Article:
The importance of getting some regular order in our appropriations bills is important because we are not getting regular appropriations bills passed. This is so important that I think everyone thought it wouldn't be disturbed. Instead, these policy riders are stuck on it, and the people who put them on know they are offensive to just about half of this body and it is going to present a major challenge to get a bill passed.
Let me talk a little bit about the issue; that is, the five riders that Republicans want to add to the bill. The goal of the riders, I think--and I think everyone would agree with this--is to unravel temporary actions President Obama has taken in an effort to make sense of what is, we all admit, a broken immigration system.
These actions, I would note, wouldn't have been necessary if the House had voted on the bipartisan Senate immigration reform bill that passed in 2013 by a vote of 68 to 32--68 to 32. It was the product of months of intense negotiations and hearings.
I remember it well. There were eight bipartisan Members who negotiated a bill to put before the Judiciary Committee. I am a member of the Judiciary Committee. The Judiciary Committee debated the bill for weeks. A total of some 300 amendments were filed, with 212 amendments in committee that were considered, half of which were Republican, and 136 amendments were adopted.
The House refused to even debate this bill, which in my view--and I have been here a long time--has been the result of one of the most profound bipartisan efforts on a big bill in the last 20 years. The House even refused to recognize it by a debate, let alone a vote, let alone passing something, some part of the bill, so there could be a conference and differences reconciled.
Now the House comes to us by putting what they know are going to be highly problematic riders on what is an absolutely crucial appropriations bill. This is the kind of thing I tried to say yesterday. It just doesn't make sense to me.
It would not have happened some time ago. People would not have tried to force their will through on an important bill when they knew they didn't have the votes. If three votes on cloture don't show that, I don't know what really will.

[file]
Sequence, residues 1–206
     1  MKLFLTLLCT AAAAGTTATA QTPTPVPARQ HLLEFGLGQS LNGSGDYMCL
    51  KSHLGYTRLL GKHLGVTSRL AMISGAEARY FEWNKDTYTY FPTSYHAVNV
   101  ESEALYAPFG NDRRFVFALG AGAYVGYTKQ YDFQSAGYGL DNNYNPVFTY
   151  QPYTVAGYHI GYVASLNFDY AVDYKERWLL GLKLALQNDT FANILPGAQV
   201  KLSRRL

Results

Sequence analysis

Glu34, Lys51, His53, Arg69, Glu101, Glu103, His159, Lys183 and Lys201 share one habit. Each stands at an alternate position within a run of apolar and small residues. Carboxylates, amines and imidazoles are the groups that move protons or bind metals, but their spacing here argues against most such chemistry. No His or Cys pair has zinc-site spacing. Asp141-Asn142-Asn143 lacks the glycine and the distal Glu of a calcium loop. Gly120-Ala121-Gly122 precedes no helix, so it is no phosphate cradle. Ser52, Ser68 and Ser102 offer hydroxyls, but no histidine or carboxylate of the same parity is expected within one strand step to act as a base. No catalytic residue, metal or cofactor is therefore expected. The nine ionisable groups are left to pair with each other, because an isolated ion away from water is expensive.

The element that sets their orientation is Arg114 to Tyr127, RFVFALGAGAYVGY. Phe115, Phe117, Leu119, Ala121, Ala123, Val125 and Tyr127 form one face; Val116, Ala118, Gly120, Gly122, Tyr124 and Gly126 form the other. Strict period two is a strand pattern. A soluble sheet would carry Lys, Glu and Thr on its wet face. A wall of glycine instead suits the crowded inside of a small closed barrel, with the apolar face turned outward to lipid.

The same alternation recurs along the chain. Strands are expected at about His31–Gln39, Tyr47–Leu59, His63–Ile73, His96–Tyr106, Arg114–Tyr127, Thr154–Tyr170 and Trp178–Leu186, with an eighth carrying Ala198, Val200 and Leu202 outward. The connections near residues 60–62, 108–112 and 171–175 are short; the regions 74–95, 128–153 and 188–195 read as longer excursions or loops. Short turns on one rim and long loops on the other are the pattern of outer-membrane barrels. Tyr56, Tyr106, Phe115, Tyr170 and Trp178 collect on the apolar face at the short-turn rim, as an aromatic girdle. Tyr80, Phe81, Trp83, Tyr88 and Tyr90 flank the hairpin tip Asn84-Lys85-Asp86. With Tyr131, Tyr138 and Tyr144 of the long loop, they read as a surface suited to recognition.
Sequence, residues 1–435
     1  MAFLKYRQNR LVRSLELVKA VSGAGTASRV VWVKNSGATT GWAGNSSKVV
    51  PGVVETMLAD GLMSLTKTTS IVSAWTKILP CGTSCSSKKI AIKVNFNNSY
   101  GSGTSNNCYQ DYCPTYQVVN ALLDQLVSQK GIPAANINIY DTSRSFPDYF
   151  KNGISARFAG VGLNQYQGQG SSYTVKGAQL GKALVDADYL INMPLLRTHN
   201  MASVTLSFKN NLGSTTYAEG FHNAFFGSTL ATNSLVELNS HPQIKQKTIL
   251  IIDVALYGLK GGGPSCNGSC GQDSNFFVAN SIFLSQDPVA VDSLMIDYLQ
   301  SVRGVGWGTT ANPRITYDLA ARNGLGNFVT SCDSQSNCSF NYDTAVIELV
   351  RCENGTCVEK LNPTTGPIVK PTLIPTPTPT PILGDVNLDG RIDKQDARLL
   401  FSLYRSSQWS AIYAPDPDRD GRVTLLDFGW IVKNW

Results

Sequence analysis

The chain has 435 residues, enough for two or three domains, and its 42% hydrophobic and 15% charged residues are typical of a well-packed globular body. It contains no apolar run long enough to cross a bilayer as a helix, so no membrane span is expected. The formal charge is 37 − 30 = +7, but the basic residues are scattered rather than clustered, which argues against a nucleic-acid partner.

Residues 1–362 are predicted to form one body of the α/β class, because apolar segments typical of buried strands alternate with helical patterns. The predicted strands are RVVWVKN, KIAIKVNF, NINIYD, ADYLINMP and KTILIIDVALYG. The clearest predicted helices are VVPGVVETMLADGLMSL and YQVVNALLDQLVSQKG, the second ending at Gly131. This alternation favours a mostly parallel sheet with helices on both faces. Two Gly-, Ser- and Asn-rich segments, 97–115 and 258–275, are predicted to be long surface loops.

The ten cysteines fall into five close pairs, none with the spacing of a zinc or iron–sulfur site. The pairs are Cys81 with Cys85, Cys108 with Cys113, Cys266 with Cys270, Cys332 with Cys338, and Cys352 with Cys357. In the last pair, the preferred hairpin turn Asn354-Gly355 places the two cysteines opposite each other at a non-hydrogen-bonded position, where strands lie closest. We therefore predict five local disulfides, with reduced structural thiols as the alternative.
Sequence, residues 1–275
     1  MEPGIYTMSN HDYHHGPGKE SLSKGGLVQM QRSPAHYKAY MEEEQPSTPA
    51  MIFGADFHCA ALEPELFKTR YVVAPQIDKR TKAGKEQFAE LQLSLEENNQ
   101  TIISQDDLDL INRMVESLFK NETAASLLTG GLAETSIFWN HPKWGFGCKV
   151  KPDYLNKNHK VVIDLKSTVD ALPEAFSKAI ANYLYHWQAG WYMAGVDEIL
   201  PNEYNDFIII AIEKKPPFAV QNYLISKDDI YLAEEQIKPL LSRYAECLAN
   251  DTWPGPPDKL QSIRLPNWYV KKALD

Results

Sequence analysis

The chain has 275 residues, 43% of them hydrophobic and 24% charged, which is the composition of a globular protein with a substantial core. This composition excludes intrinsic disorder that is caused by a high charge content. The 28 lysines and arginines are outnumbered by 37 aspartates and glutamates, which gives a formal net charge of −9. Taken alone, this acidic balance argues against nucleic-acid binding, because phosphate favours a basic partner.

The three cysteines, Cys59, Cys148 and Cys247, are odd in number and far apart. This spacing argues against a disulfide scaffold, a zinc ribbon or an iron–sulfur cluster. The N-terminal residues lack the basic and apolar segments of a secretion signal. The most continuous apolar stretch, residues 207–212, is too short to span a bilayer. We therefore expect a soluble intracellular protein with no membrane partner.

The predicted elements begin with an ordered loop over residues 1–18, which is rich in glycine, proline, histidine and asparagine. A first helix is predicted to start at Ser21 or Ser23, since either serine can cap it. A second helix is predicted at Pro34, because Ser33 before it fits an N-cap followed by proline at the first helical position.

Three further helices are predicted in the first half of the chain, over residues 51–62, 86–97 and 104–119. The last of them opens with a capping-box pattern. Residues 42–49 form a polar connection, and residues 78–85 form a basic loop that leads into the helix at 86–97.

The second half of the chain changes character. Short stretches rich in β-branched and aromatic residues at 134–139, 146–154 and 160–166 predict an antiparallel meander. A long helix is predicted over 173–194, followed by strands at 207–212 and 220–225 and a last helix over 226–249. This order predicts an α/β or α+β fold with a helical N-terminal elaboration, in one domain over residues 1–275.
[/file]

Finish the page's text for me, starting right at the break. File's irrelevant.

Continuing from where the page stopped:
The Presiding Officer knows this as well as I do. But the root of the problem is that we have more than 11 million unauthorized immigrants in our country, and Congress only provides enough funding to deport around 400,000 people a year. Clearly we can't deport everybody. So choices have to be made.
So do we focus limited enforcement resources on real threats, such as criminals and terrorists? I say yes. Or, do we spread our resources thin, treating murderers the same way we treat school children who have been in the country for years? I say no. I stand firmly with the President in the belief that we must focus on actual threats and we must prioritize.
One of the temporary programs that the other side seeks to eliminate is known as the Deferred Action for Childhood Arrivals. I hate acronyms, but the acronym is DACA.
This program allows law-abiding individuals brought to the United States as children to remain here without fear of being deported from the only home they have ever known. They can stay for 3-year increments as long as they don't break the law. Republicans want to scrap this program and place these individuals into the same category as dangerous criminals.
In California, my State, that would mean 450,000 young people who were brought to the United States as children, who have lived nowhere else, would immediately be eligible for deportation.
The House riders also seek to remove protections for parents of United States citizens and permanent residents, including 1.1 million parents in California. That would have the effect of breaking up many families that have lived here for years.